New York City–based think tank and marketing agency PSFK hosted its Designing the New Shopper Experience conference Tuesday morning at the Scandinavia House in midtown Manhattan. Weaving in and out of the day’s agenda—which included a lineup of great speakers mainly from tech start-ups—were 10 tips on how modern marketers can grab the wily new retail landscape by the horns.
The 10 calls to action included good (and even great) ideas already being used by stores and e-commerce sites. Here’s my take on the tips:
1. Create confidence. Educate your consumers on the product whenever and wherever you can. The more consumers know about your product, the more confident they feel in buying it. By way of example, Piers Fawkes, founder of PSFK, talked about Pirch, a new high-end, high-tech hardware store where you can book a “spa experience” to test-drive the store’s many showerheads.
2. Perfect partnerships. Collaborating with like-minded companies will “open yourself up to a new audience,” said Scott Lachut, president of research and strategy for PSFK. When scouting for partners, pick companies that are strong where you’re a little weak.
3. Optimize ownership. This builds on the idea of educating consumers but takes it one step further by turning your clients into experts. It’s all about creating educational initiatives that teach your customers new skills. Think along the lines of hosting jewelry-making workshops.
4. Democratize access. This is a big one these days, as start-ups duke it out to bring amenities of the affluent (grocery delivery, laundry pickup, custom meal preparation) to the masses. Personal shopping apps, for one, give middle American women access to big city stylists online. It’s also about customer service—even online, retailers should be enabling one-on-one contact between customers and staff.
5. Eliminate obstacles. Starbucks’ order-ahead service, where java hounds can preorder a drink and pick it up in less than 60 seconds, is just one example of how friction—the hurdles consumers have to jump through to buy things—is dwindling down to nothing. Do you have a one-click buy button online? Can your clients make an appointment through your mobile site? Things to consider.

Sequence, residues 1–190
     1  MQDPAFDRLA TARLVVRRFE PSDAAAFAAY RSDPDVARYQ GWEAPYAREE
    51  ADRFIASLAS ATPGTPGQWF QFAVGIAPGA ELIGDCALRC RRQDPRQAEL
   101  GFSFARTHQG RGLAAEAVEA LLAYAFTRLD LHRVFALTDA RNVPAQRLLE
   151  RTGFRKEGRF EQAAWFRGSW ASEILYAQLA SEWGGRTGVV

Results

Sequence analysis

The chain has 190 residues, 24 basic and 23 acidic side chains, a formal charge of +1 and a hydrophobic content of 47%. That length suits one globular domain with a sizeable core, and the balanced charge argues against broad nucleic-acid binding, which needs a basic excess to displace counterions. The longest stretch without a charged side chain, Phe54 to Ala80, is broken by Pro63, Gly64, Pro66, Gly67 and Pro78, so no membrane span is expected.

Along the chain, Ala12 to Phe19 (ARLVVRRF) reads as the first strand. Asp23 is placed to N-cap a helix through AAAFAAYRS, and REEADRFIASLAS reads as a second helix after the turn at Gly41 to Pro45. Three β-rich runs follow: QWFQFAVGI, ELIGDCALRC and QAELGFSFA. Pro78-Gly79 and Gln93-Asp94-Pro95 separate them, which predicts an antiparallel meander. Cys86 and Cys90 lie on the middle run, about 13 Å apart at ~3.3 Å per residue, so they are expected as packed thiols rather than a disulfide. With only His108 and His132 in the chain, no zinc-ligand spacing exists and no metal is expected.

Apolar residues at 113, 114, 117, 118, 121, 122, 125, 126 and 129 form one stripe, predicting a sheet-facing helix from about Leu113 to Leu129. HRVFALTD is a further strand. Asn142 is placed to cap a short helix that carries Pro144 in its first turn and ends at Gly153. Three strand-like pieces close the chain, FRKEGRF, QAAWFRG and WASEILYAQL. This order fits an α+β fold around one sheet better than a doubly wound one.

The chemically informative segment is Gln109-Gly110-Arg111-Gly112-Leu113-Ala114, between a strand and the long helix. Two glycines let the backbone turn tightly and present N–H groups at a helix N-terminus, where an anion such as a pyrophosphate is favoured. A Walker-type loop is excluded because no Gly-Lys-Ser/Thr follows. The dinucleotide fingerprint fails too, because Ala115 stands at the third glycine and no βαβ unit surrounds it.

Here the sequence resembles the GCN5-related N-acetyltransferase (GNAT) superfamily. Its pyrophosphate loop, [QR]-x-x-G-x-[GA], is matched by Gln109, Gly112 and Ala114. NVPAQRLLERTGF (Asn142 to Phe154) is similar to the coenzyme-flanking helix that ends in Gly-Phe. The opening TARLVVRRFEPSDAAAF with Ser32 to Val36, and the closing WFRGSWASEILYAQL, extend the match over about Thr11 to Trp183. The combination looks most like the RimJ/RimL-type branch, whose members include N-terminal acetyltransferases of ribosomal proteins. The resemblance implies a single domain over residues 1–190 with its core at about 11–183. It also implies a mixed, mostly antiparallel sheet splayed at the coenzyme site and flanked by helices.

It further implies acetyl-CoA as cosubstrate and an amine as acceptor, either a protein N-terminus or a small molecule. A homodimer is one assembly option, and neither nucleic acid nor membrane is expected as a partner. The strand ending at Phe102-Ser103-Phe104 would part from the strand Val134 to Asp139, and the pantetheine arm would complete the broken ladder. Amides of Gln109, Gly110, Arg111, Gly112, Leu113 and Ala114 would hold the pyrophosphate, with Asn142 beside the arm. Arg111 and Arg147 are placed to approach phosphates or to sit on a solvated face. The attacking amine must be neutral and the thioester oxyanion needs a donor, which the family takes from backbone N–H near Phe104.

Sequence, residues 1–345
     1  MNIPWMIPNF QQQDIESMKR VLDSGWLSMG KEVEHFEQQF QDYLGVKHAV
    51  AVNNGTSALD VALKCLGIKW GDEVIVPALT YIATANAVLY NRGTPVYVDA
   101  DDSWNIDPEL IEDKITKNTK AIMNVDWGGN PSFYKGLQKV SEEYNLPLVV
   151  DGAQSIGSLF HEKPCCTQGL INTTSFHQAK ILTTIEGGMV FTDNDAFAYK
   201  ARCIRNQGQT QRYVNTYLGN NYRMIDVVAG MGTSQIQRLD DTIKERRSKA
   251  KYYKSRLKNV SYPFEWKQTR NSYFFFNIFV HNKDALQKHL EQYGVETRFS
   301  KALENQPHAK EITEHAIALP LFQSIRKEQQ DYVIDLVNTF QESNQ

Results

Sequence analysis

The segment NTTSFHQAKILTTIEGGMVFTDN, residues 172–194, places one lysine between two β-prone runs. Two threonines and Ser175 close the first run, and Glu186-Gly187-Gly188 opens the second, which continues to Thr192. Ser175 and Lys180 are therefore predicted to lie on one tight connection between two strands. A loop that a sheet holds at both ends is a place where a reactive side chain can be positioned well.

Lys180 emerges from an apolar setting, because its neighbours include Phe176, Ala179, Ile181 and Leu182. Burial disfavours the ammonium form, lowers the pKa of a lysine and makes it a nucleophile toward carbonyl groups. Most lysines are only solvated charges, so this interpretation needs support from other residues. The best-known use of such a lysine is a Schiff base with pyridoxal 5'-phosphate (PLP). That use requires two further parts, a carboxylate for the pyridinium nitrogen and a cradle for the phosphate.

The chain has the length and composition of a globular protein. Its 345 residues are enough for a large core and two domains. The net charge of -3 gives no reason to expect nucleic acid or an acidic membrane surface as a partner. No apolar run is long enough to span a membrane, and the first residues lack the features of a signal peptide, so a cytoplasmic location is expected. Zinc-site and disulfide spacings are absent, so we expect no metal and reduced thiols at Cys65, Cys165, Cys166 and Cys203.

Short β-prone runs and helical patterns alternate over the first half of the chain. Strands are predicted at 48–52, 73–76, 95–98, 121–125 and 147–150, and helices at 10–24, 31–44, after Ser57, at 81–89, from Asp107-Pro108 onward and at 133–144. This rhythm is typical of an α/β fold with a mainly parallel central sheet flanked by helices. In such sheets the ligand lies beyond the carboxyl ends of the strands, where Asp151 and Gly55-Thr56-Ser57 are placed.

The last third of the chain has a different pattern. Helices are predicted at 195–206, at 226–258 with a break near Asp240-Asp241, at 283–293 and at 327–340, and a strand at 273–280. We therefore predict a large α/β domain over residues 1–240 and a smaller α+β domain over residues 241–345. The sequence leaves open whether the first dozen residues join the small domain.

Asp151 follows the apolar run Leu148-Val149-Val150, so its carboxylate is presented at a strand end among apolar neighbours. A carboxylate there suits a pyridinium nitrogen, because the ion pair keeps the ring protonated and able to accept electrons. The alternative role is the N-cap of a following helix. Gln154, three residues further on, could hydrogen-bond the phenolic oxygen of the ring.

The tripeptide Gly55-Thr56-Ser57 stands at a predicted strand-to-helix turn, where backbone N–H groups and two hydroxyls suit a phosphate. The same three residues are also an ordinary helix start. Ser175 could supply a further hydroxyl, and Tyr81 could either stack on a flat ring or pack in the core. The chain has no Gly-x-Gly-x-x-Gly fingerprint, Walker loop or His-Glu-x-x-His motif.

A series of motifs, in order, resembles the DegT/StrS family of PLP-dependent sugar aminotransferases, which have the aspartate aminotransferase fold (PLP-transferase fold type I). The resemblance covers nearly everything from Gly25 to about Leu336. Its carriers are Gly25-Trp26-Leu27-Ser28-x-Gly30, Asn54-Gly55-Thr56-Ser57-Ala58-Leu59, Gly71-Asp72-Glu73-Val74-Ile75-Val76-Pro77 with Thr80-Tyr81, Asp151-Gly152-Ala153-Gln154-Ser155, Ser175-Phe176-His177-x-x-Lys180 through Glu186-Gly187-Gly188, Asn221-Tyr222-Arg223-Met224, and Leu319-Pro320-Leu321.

6. Promote transparency. Where products come from and how they’re made is of great interest to modern consumers, particularly millennials. Lachut and Fawkes cited Amazon Elements, Amazon’s new highly transparent online shop that lets consumers search the origins of any product.
7. Encourage advocacy. Why not get your company’s true believers to market your products for you? Apple has been doing it for decades now, with chat rooms designed for users to gush about the company’s products. Chevrolet recently introduced a marketing push that included 11 commercial segments featuring people who love their Chevys. Viewers were encouraged to get in touch with the segment subjects to ask questions and banter back and forth. And voila! A community is formed.
8. Cultivate community. This one is obvious but often overlooked. Retailers should be creating ways for consumers to connect with one another. Do you have 10 clients who love Georgian-era jewelry? Set up a separate Instagram filled with beautiful images of product in which clients can chat back and forth—or host an event with a jewelry historian. “So much about retail is transactional,” said Lachut. “Set up a space in the store to push complimentary services and experiences that go beyond product.”
9. Recognize and personalize. This advice is especially useful for online sellers, who have the capability to use algorithms and other digital tools to set up customized dashboards for each shopper. But the point transcends the web—when customers feel like you know them and are tailoring an experience for them, they’re more likely to spend.
10. Deliver delight. Delight has become as much a buzzword in retailing as conversion. But it really sums up what the main goal of all modern retailers should be: Find ways to please and surprise your customers. If you can get them to squeal with delight? Even better.
(Photo courtesy PSFK)